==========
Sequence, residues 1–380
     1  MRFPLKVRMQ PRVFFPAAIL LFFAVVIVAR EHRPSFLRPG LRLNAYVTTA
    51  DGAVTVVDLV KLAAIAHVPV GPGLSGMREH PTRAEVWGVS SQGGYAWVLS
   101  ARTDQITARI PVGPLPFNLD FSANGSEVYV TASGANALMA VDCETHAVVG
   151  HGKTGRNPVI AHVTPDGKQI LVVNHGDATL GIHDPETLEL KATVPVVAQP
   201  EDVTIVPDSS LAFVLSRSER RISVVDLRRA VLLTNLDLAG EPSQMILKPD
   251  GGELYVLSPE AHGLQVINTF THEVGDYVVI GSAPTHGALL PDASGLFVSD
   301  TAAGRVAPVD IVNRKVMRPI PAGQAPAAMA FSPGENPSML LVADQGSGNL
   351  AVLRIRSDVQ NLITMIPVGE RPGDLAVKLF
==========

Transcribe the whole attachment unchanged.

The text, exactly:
Sequence, residues 1–380
     1  MRFPLKVRMQ PRVFFPAAIL LFFAVVIVAR EHRPSFLRPG LRLNAYVTTA
    51  DGAVTVVDLV KLAAIAHVPV GPGLSGMREH PTRAEVWGVS SQGGYAWVLS
   101  ARTDQITARI PVGPLPFNLD FSANGSEVYV TASGANALMA VDCETHAVVG
   151  HGKTGRNPVI AHVTPDGKQI LVVNHGDATL GIHDPETLEL KATVPVVAQP
   201  EDVTIVPDSS LAFVLSRSER RISVVDLRRA VLLTNLDLAG EPSQMILKPD
   251  GGELYVLSPE AHGLQVINTF THEVGDYVVI GSAPTHGALL PDASGLFVSD
   301  TAAGRVAPVD IVNRKVMRPI PAGQAPAAMA FSPGENPSML LVADQGSGNL
   351  AVLRIRSDVQ NLITMIPVGE RPGDLAVKLF